“On the Dean’s Honor Society trip to Normandy, France, I took film photographs on a 35mm camera of cathedrals, cemeteries, museums, and the coastline. The weather was overcast and imbued these spaces with a haunting emptiness of a history cemented in a distant past. Though sobering, even the World War II American cemetery felt like a static entity of remembrance. History seemed further from reality than we might want to recognize.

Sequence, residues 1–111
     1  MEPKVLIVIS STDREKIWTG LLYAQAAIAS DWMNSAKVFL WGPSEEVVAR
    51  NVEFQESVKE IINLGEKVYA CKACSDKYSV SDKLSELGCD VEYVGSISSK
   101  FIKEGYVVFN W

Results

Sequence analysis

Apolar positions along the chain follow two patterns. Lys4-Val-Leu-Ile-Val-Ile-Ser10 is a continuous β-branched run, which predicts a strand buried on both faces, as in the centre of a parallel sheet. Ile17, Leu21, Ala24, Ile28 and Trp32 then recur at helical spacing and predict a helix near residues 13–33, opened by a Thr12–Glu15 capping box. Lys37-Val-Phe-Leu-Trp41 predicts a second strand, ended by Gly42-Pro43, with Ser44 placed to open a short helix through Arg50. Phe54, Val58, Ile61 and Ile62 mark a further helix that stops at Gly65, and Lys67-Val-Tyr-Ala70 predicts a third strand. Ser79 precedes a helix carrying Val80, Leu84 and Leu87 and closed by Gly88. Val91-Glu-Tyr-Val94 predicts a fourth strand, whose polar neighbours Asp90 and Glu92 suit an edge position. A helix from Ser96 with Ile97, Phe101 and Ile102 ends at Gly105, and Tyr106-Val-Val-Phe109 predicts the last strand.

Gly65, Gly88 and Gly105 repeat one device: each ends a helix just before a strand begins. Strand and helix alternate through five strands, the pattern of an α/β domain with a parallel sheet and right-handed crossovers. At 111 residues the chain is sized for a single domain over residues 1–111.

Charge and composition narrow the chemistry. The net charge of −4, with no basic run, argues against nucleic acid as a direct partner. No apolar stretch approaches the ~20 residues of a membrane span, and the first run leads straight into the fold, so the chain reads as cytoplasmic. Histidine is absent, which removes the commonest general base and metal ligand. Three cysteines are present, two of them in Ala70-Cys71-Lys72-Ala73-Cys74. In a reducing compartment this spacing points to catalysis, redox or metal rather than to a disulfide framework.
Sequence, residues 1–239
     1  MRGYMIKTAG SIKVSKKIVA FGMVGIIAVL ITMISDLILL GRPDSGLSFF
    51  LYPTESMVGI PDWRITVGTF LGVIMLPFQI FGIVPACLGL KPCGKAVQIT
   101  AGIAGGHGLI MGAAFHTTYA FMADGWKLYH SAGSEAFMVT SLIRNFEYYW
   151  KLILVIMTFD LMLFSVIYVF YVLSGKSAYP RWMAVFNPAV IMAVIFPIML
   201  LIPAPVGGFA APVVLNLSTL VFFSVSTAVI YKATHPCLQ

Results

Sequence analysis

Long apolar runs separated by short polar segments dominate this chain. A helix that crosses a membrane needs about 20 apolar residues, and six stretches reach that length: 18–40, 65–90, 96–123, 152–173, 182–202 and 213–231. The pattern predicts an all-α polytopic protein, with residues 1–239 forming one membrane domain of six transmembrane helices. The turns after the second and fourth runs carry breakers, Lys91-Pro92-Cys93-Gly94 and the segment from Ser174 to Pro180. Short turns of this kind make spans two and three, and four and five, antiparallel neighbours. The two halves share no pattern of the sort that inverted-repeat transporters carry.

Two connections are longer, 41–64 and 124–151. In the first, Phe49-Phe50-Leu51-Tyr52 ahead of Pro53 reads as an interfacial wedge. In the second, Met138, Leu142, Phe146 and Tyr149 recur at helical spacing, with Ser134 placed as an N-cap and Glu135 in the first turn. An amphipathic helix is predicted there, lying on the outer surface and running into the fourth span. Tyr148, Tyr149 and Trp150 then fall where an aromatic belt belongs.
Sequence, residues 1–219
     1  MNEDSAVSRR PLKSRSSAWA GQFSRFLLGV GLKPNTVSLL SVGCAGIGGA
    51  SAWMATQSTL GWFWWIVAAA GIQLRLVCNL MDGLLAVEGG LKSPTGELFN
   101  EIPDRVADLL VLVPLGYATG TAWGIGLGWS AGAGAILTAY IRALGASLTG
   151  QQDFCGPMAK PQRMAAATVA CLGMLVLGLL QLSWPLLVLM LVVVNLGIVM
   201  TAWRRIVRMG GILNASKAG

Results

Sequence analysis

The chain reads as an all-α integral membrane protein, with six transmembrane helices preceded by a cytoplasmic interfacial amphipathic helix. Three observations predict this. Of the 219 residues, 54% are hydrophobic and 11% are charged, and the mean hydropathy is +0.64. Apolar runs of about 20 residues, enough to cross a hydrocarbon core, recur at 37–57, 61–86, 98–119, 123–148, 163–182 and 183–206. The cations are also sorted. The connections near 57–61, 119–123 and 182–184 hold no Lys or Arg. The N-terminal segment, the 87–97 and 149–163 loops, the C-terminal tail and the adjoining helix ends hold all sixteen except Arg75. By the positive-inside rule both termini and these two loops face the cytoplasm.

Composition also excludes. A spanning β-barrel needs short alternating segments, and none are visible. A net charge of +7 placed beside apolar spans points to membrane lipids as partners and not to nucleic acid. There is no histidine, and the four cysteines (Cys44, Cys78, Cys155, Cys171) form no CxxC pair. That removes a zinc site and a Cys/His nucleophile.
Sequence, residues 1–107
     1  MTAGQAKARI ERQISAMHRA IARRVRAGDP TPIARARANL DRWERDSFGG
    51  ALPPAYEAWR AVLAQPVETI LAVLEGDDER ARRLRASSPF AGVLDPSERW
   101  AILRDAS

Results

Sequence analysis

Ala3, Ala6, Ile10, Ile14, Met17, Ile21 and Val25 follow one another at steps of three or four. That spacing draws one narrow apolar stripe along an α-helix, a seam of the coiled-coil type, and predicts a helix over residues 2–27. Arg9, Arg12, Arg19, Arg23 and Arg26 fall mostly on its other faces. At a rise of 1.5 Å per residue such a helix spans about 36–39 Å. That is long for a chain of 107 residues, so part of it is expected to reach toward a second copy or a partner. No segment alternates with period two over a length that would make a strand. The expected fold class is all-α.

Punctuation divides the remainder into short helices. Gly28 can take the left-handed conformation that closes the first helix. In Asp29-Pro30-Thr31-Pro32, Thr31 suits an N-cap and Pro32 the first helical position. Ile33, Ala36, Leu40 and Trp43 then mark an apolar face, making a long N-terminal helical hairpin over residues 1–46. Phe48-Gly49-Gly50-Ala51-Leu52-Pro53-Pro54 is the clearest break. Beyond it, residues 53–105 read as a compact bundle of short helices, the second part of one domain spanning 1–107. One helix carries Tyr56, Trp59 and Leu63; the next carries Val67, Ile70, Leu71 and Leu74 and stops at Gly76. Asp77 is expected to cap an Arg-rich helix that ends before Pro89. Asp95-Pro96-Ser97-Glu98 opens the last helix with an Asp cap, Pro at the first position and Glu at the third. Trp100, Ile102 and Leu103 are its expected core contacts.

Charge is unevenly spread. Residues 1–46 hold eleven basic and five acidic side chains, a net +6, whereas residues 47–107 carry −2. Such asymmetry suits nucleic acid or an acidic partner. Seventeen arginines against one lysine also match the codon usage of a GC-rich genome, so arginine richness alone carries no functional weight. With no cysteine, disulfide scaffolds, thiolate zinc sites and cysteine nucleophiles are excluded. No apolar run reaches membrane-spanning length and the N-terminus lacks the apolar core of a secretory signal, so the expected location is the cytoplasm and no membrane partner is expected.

The places we visited were marked by a tourism of violence: the square where Joan of Arc was burned at the stake, the D-Day beaches, and Pointe du Hoc with its overgrown bomb craters. In the village of Granville, I came across graffiti that read: ‘IL Y A QUAND MÊME MOINS D’ÉTRANGERS QUE DE RACISTES,’ which translates to ‘There are still fewer foreigners than racists.’ By overlaying this image on more conventional sightseeing photographs, I aim to create double exposures that strike a tension between history and memory, merging the past with the tumultuous political present.”—Mackenzie Leighton